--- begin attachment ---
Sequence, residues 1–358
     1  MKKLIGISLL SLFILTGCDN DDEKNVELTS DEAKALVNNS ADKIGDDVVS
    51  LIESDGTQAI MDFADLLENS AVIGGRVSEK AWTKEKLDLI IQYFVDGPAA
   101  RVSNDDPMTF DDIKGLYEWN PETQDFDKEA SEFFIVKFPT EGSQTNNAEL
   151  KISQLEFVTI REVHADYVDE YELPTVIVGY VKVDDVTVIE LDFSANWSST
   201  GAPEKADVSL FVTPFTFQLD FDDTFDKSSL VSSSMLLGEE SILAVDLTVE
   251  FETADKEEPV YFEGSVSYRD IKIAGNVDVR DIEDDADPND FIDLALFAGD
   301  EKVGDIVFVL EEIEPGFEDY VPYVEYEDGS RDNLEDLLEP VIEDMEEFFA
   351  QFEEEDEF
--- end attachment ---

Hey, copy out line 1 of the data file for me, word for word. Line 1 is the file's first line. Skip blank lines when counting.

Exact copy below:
Sequence, residues 1–358